Twitter said Thursday night that it has “significantly limited” access to its internal tools after it learned that the high-profile hack earlier this month affecting dozens of major accounts was the result of a phishing attack targeting the phones of a “small number of employees.”
“This attack relied on a significant and concerted attempt to mislead certain employees and exploit human vulnerabilities to gain access to our internal systems,” Twitter said in a tweet.
A phishing attack is a type of cyberattack in which hackers try to trick victims into opening malicious emails or links disguised as legitimate web content.
In addition to clamping down on access to administrative systems, Twitter (TWTR) said it was also accelerating the rollout of “security work streams” that had already been in progress.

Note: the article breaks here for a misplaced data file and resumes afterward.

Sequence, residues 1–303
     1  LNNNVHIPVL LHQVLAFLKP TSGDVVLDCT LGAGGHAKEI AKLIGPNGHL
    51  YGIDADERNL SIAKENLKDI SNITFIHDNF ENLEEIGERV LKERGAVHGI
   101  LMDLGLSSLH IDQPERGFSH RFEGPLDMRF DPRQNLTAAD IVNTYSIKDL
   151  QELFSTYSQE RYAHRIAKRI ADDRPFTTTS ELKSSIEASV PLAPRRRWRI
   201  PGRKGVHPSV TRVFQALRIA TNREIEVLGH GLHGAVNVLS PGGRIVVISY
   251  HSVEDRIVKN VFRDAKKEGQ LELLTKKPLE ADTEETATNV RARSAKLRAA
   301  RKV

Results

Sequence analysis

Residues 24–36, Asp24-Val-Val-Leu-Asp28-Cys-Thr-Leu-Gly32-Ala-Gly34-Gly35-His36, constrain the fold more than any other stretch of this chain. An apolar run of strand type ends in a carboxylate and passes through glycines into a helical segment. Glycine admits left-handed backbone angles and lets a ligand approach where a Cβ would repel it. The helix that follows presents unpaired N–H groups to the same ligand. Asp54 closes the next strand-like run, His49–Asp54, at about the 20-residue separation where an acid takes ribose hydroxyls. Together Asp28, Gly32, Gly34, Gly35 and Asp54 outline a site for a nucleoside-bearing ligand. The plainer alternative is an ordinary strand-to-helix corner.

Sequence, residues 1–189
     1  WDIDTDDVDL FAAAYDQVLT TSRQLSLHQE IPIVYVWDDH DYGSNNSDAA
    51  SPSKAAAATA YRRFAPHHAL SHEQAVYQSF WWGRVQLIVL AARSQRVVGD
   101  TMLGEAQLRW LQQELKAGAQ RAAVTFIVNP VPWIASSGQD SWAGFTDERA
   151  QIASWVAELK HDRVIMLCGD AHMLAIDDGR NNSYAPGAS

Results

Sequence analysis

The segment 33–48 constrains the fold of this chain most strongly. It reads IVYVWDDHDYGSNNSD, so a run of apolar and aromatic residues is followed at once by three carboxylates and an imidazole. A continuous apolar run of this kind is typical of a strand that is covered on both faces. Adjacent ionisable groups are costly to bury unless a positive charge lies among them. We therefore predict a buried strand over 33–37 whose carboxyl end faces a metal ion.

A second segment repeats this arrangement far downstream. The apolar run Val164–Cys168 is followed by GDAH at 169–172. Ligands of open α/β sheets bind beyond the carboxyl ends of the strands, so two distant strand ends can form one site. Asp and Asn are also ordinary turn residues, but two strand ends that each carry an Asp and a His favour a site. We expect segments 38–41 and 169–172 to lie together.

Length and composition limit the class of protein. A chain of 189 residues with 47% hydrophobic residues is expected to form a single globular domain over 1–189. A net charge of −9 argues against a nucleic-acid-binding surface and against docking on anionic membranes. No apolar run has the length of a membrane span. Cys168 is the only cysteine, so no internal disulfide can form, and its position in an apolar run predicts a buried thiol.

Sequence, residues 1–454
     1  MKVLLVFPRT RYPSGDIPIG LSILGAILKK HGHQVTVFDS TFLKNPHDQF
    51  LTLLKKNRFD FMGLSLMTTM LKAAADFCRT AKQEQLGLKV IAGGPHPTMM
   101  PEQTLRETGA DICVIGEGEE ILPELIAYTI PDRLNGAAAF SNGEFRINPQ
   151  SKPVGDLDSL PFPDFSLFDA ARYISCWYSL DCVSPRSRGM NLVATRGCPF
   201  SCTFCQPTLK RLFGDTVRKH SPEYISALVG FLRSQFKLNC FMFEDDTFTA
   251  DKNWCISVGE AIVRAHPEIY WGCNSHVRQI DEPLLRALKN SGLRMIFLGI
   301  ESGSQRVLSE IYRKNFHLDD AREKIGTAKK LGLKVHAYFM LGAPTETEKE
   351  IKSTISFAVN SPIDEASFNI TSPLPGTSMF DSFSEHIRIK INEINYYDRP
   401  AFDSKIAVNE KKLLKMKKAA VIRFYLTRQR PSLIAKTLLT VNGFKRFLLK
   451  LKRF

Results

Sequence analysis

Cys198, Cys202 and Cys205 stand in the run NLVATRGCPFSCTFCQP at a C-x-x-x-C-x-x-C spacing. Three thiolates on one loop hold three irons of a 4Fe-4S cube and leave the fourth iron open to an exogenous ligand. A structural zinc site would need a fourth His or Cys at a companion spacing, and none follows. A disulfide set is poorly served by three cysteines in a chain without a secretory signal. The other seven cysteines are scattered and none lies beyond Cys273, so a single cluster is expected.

The July 15 security incident led to the takeover of accounts belonging to Barack Obama, Joe Biden, Jeff Bezos and many others. The compromised accounts were then used to promote a bitcoin scam.
While the scope of the incident was massive in its own right, it could merely be the tip of a very large iceberg with vast security implications. Cybersecurity experts and policymakers now worry that the bitcoin scam may mask a much more troubling data breach involving the personal communications of the world’s most powerful people.